That in our proper motion we ascend
Up to our native seat: descent and fall
To us is adverse. Who but felt of late,
When the fierce foe hung on our broken rear
Insulting, and pursued us through the deep,
With what compulsion and laborious flight
We sunk thus low? th' ascent is

then;
Th' event is fear'd; should we again provoke
Our stronger, some worse way his wrath may find
To our destruction: if there be in hell
Fear to be worse destroy'd: what can be worse
Than to dwell here, driv'n out from bliss, condemn'd
In this abhorrèd deep to utter woe;
Where pain of unextinguishable fire
Must exercise us without hope of end,
The vassals of his anger, when the scourge
Inexorably, and the torturing hour
Calls us to penance ? more destroy'd than thus
We should be quite abolish'd and expire.
What fear we then? what doubt we to incense
His utmost ire? which, to the highth enraged,
Will either quite consume us, and reduce
To nothing this essential; happier far,
Than miserable to have eternal being.
Or if our substance be indeed divine,
And cannot cease to be, we are at worst
On this side nothing; and by proof we feel

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Our power sufficient to disturb his heav'n,
And with perpetual inroads to alarm,
Though inaccessible, his fatal throne ::
Which, if not victory, is yet revenge.

He ended frowning, and his look denounced
Desperate revenge and battle dangerous
To less than Gods. On th’other side up rose
Belial, in act more graceful and humane;
A fairer person lost not heav'n; he seem'd
For dignity composed and high exploit:
But all was false and hollow; though his tongue
Dropp'd Manna, and could make the worse appear
The better reason, to perplex and dash
Maturest counsels; for his thoughts were low;
To vice industrious, but to nobler deeds
Timorous and slothful: yet he pleased the ear,
And with persuasive accent thus began.

I should be much for open war, 0 Peers, As not behind in hate, if what was urged, Main reason to persuade immediate war, Did not dissuade me most, and seem to cast Ominous conjecture on the whole success; When he, who most excels in fact of arms, In what he counsels, and in what excels Mistrustful, grounds his courage on despair And utter dissolution, as the scope Of all his aim, after some dire revenge. First, what revenge ? the towers of heav'n are fill’d With armed watch, that render all access Impregnable; oft on the bordering deep Encamp their legions, or with obscure wing Scout far and wide into the realm of night, Scorning surprise. Or could we break our way By force, and at our heels all hell should rise, With blackest insurrection to confound Heav'n's purest light, yet our great enemy All incorruptible would on his throne Sit unpolluted; and th'ethereal mould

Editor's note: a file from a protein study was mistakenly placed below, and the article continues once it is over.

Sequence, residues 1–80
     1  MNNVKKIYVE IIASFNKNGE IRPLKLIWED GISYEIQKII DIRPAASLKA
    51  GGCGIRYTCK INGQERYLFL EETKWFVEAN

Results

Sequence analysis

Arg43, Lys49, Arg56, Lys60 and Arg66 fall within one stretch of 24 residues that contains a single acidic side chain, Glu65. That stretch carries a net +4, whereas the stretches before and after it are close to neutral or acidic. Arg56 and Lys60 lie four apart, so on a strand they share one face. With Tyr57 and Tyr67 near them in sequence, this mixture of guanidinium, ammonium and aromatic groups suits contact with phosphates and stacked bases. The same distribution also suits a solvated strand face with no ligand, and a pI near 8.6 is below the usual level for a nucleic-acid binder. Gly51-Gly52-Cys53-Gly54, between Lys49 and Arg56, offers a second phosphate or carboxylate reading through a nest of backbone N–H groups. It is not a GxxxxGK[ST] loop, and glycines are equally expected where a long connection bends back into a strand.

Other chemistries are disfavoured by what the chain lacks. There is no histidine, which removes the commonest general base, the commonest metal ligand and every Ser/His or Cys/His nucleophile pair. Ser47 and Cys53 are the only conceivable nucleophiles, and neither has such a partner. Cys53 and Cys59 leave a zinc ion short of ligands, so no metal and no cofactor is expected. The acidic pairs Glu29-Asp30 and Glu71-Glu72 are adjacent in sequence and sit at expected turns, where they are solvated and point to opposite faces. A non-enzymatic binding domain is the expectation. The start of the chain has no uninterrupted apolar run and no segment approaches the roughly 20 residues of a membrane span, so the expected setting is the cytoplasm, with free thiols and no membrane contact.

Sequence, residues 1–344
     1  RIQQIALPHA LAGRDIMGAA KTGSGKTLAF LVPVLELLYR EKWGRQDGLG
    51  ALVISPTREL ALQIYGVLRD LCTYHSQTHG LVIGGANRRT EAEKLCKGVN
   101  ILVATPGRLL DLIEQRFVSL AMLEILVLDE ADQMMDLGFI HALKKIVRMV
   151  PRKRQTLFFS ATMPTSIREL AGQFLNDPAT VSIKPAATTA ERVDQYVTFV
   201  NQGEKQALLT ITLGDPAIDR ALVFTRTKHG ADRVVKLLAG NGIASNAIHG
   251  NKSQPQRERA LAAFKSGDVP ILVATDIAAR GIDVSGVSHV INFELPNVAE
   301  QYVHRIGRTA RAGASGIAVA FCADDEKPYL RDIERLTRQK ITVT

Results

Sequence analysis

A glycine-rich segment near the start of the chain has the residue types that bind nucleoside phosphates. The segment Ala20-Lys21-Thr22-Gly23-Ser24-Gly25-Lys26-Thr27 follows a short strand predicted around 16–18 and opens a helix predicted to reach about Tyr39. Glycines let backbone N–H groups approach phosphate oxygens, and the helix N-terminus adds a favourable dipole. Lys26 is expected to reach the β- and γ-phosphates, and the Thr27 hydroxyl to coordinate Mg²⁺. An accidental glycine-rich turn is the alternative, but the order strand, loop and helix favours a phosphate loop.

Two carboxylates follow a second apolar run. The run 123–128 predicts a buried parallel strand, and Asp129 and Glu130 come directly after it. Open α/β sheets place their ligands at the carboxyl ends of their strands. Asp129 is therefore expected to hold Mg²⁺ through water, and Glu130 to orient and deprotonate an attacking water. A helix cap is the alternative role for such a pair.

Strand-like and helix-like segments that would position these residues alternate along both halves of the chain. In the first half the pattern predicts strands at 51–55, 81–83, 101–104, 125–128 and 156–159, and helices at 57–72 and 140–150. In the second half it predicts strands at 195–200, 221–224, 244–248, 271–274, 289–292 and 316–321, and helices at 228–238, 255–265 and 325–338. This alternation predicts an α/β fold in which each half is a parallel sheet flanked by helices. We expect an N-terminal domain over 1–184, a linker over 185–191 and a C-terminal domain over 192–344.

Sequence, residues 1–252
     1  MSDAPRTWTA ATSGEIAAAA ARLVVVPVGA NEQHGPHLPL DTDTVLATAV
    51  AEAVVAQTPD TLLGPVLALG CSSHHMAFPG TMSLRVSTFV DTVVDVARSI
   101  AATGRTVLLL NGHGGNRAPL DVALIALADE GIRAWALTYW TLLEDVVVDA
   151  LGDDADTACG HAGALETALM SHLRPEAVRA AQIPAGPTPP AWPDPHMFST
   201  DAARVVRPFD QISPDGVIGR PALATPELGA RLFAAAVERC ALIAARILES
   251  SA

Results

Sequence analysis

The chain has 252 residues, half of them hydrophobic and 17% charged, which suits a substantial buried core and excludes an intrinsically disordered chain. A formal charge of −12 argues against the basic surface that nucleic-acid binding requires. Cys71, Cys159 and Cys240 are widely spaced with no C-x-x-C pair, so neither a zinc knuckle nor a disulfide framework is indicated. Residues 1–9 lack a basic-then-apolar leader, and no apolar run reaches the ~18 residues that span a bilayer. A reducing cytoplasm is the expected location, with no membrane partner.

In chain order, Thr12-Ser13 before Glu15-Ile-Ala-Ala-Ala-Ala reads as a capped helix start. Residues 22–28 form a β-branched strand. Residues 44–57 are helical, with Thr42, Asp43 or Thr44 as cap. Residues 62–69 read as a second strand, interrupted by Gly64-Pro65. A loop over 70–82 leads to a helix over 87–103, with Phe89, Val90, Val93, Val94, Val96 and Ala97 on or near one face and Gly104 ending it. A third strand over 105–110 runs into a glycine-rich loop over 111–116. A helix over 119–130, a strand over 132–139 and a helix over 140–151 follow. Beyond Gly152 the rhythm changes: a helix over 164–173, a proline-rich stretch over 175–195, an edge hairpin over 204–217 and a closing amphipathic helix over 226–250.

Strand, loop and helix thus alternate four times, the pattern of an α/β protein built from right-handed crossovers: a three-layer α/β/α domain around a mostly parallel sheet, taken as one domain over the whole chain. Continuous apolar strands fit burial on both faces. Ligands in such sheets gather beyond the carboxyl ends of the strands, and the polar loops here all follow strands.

1 Uphold by fate.-NEWTON,

Incapable of stain would soon expel Her mischief, and purge off the baser fire, Victorious. Thus repulsed, our final hope Is flat despair: we must exasperate Th’ almighty Victor to spend all his rage, And that must end us, that must be our cure, To be no more: sad cure'; for who would lose, Though full of pain, this intellectual being, Those thoughts that wander through eternity, To perish rather, swallowed up and lost In the wide womb of uncreated night, Devoid of sense and motion ? and who knows, Let this be good, whether our angry foe Can give it, or will ever how he can, Is doubtful; that he never will, is sure. Will he, so wise, let loose at once his ire, Belike through impotence or unaware, To give his enemies their wish, and end Them in his anger, whom his anger saves To punish endless ? Wherefore cease we then ? Say they who counsel war;We are decreed. Reserved, and destined to eternal woe; -7 jotain Whatever doing, what can we suffer more, What can we suffer worse ?-Is this then worst, Thus sitting, thus consulting, thus in arms? What, when we fled amain, pursued and struck With heav'n's afflicting thunder, and besought The deep to shelter us? this hell then seem'd A refuge from those wounds. Or when we lay Chain'd on the burning lake ? that sure was worse. I What if the breath that kindled those grim fires.. Awaked should blow them into sevenfold rage, And plunge us in the flames? or from above Should intermitted vengeance arm again His red right hand to plague usp what, if all Her stores were open'd, and this firmament Of hell should spout her cataracts of fire, Impendent horrors, threatening hideous fall

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1 Isaiah xxx, 33.